Google Hates Your Site Because It's Slow. Here's What To Do.

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VIEWS: 31773 Views CATEGORY: SEO READING TIME: 12 Min To Read UPLOADED ON: 22 Sep 2018

How long do users wait for a website to load?

Well, it seems about half of us don’t even wait up to three seconds, according to data from a study.

And that’s not all: Up to 79% of customers say they won't return to a site with poor performance, including slow load time.

Aren't those numbers telling you something — that speed is sexy?

We're putting together this resource to show you how to get your website speed to its apogee.

But wait: why is website speed so important? What difference can a one-second delay make?

To put it plainly, it makes a huge difference. It can affect almost every angle of your site, from user experience to conversions and yes, to search engine optimization (SEO).

As a matter of fact, according to a recent Aberdeen Group study, every one-second delay in page load time results in the following:

  • 7% decrease in conversions

  • 11% decrease in page views

  • 16% decrease in customer satisfaction

See? Websites with fast load times rock, not just at search engine optimization and user experience but also at keeping your bottom-line profits attractive. Let's see how.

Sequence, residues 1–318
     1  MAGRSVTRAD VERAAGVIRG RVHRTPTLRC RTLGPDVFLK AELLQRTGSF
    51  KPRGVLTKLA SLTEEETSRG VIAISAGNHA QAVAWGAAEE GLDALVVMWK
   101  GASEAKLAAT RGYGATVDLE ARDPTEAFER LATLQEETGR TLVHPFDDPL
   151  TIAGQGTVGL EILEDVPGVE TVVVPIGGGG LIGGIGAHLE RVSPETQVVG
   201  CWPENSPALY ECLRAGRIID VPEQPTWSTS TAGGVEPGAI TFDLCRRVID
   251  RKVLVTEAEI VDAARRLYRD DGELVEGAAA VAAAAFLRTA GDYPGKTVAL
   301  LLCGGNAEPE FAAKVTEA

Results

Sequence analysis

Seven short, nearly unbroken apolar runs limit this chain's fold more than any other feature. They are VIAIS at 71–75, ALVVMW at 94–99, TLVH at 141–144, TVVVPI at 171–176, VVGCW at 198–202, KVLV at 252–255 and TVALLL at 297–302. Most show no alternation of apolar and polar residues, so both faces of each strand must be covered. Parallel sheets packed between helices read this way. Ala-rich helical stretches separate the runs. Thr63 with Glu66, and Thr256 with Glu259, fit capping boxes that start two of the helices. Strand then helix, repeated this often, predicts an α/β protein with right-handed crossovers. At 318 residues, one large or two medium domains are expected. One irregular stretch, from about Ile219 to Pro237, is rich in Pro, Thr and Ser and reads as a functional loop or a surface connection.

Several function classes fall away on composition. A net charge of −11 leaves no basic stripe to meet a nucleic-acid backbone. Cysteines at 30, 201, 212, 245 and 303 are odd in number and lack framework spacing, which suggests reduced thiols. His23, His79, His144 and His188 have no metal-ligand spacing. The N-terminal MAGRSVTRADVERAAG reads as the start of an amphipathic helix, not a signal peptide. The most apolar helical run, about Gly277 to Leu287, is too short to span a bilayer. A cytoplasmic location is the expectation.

There are several ways website speed influences a business website’s performance:

  • Search engine visibility

  • Conversions

  • Page views

  • Bounce rates

  • Return visits

  • And more!

Google loves speed.

And hates websites that load at a snail's pace.

To put things in perspective, Google takes speed into consideration when ranking sites.

In 2017, Google made the statement below with regards to crawling and indexing websites:

“For Google, a speedy site is a sign of healthy servers so that it can get more content over the same number of connections. Conversely, many 5xx errors or connection timeouts signal the opposite, and crawling slows down.” Google 2017.
Google now ranks websites primarily based on mobile-friendliness, meaning if your website is not mobile-compliant, it better forget about that top spot on SERPs (we'll discuss this in our next post).